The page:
Dhamma Thoughts: On x- and y-instant gratification

As per a comment about X’s inability to compete with Y due to Y’s instant gratification, where X serves as an interchangeable indicator as indicated by meditative equanimity/insight and Y is indicated by drug effects. In this event, X, if compounded leads to stronger gratification though one will encounter more difficulty in delaying gratification for later more amplified gratification. However, the delay of this gratification is evidenced to be voluntary rather than driven by external forces via compliance.

If one can increase self-efficacy with regard to the practice of equanimity concomitant with insight, then one can build resiliency in absence of more immediate positive reinforcements. This is why a social network (i.e., spiritual friends) may be supportive to get over an initial “buffer building” of equanimity/insight.

The next hurdle would be to perceive causal links between compounding of cause and effect, such that reinforcement can sustain continued practices. Diminished ability to see cause-effect, would leave one to rely on social reinforcement, and retreat into ritualized behaviors reliant on social reinforcement’s pleasure(s). This would mistake community effects for equanimity/insight effects, thus darkening dhamma with self- and we-referencing commentary.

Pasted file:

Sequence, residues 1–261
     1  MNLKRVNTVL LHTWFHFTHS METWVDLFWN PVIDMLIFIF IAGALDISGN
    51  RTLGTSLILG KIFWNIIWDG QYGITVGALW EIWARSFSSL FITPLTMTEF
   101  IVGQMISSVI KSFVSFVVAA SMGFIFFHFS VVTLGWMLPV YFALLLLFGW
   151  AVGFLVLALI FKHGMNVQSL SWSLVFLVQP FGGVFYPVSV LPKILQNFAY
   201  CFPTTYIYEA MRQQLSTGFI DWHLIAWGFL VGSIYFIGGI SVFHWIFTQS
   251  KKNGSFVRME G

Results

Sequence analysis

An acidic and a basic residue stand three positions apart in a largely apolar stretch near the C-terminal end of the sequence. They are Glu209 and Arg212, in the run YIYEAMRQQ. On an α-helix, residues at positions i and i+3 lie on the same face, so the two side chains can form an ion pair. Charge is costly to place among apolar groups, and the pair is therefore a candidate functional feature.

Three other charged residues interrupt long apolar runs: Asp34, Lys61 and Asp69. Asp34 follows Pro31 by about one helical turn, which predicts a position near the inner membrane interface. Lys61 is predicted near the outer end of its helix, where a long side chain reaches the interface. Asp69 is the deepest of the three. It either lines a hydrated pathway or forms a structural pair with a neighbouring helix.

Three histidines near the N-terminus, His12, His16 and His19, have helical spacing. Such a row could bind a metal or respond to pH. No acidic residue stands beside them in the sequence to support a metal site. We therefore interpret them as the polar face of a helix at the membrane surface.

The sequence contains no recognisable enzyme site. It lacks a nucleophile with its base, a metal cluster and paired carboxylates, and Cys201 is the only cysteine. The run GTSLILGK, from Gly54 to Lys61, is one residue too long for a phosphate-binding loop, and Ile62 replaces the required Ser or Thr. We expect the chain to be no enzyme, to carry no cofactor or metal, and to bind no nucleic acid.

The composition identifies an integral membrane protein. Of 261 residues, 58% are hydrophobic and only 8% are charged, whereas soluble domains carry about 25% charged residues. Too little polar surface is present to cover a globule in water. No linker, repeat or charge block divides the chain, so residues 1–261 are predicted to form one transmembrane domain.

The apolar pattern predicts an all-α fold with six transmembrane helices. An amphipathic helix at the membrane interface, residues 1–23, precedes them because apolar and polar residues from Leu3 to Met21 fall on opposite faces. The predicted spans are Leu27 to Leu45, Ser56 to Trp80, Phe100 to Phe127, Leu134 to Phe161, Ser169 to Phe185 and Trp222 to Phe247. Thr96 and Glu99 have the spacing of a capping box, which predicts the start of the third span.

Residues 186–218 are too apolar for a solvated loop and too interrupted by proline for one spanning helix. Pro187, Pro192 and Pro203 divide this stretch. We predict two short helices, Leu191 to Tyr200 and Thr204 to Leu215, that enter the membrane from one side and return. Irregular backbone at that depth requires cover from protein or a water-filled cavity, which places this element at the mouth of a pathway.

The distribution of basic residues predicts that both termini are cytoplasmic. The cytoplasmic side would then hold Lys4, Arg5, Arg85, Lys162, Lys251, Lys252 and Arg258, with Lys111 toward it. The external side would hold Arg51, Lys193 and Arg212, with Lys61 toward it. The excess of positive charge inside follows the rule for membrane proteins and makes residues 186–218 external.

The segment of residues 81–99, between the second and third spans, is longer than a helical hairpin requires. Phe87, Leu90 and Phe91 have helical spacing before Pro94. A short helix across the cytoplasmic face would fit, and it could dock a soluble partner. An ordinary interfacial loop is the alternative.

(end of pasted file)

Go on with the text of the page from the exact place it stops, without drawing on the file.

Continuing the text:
Something of interest is increasing evidence that the pharmacological reality of ~20% of some drug effects being due to physiological interactions of a drug, where the remaining 80% is due to social conditioning, modeling etc. (e.g., marijuana, alcohol etc.). There are cultures uncontaminated by dominant cultures where alcohol is not associated with the effects witnessed in other cultures like most developed countries evidence. Marijuana is demonstrated to have the same result in some indigenous cultures. Therefore, it has been reasoned that drug effects may have a large placebo effect.

So, to assert that drugs are better than dhamma is effectively saying that psychosocial effects (i.e., social psychological effects, sociological effects, etc.) are more powerful than an awareness of the four noble truths. Unfortunately this is an incorrect assessment, because the four noble truths are realized at the outset of the eightfold path, rather than as a culmination of the path. Again, right view is the forerunner.

Basically the meeting up with dhamma is by “luck” where luck originally was used in translations etymologically at the time with respect to the fruits of “good deeds” (i.e., wholesome deeds [i.e., pro-social behavior based on diminishment of one’s metabolic expenditures for continued happiness arrival [i.e., joy]]). It is beneficial to know that the attribution of chance/randomness to “luck” came after the use of “luck” in translations of buddhadhamma.